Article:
This is an audio version of the Wikipedia Article:
00:02:46 1 Nature-inspired models of computation
00:03:33 1.1 Cellular automata
00:04:47 1.2 Neural computation
00:08:16 1.3 Evolutionary computation
00:11:48 1.4 Swarm intelligence
00:14:08 1.5 Artificial immune systems
00:15:34 1.6 Membrane computing
00:17:36 1.7 Amorphous computing
00:18:51 2 Synthesizing nature by means of computing
00:19:03 2.1 Artificial life
00:21:31 3 Nature-inspired novel hardware
00:22:07 3.1 Molecular computing
00:25:40 3.2 Quantum computing
00:27:57 4 Nature as information processing
00:28:29 4.1 Systems biology
00:33:43 4.2 Synthetic biology
00:36:13 4.3 Cellular computing
00:38:30 5 See also
Listening is a more natural way of learning, when compared to reading. Written language only began at around 3200 BC, but spoken language has existed long ago.
Learning by listening is a great way to:
- increases imagination and understanding
- improves your listening skills
- improves your own spoken accent
- learn while on the move
- reduce eye strain
Now learn the vast amount of general knowledge available on Wikipedia through audio (audio article). You could even learn subconsciously by playing the audio while you are sleeping! If you are planning to listen a lot, you could try using a bone conduction headphone, or a standard speaker instead of an earphone.
Listen on Google Assistant through Extra Audio:
Other Wikipedia audio articles at:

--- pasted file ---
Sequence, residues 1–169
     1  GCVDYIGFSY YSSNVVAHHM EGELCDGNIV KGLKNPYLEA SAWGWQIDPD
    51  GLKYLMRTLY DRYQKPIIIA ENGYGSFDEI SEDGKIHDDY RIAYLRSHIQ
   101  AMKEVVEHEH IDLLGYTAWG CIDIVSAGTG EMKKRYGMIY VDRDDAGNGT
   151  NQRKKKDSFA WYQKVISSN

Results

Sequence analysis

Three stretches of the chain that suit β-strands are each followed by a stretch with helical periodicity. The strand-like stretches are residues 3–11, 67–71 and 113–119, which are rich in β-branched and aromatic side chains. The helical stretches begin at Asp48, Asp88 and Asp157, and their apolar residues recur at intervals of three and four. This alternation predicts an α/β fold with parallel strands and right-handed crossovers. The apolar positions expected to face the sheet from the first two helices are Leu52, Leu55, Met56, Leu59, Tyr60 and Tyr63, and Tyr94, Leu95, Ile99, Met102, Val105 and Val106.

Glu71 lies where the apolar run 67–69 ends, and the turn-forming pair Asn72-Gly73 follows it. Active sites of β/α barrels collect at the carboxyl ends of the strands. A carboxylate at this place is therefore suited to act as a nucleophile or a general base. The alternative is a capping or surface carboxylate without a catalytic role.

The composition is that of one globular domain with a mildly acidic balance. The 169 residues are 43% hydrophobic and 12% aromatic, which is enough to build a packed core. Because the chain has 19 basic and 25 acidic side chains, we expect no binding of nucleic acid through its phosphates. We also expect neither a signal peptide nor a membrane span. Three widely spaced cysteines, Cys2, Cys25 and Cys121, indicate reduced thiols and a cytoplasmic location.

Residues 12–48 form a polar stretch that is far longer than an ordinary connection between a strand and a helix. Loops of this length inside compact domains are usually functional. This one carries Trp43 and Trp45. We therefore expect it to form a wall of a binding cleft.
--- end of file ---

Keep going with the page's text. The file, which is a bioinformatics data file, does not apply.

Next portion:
Upload your own Wikipedia articles through:
Speaking Rate: 0.7677558205663949
Voice name: en-US-Wavenet-B
"I cannot teach anybody anything, I can only make them think."
Natural computing, also called natural computation, is a terminology introduced to encompass three classes of methods: 1) those that take inspiration from nature for the development of novel problem-solving techniques; 2) those that are based on the use of computers to synthesize natural phenomena; and 3) those that employ natural materials (e.g., molecules) to compute. The main fields of research that compose these three branches are artificial neural networks, evolutionary algorithms, swarm intelligence, artificial immune systems, fractal geometry, artificial life, DNA computing, and quantum computing, among others.
Computational paradigms studied by natural computing are abstracted from natural phenomena as diverse as self-replication, the functioning of the brain, Darwinian evolution, group behavior, the immune system, the defining properties of life forms, cell membranes, and morphogenesis.
Besides traditional electronic hardware, these computational paradigms can be implemented on alternative physical media such as biomolecules (DNA, RNA), or trapped-ion quantum computing devices.
Dually, one can view processes occurring in nature as information processing. Such processes include self-assembly,
developmental processes, gene regulation networks, protein–protein interaction networks, biological transport (active transport, passive transport) networks, and gene assembly in unicellular organisms. Efforts to
understand biological systems also include engineering of semi-synthetic organisms, and understanding the universe itself from the point of view of information processing. Indeed, the idea was even advanced that information is more fundamental than matter or energy.
The Zuse-Fredkin thesis, dating back to the 1960s, states that the entire universe is a huge cellular automaton which continuously updates its rules.
Recently it has been suggested that the whole universe is a quantum computer that computes its own behaviour.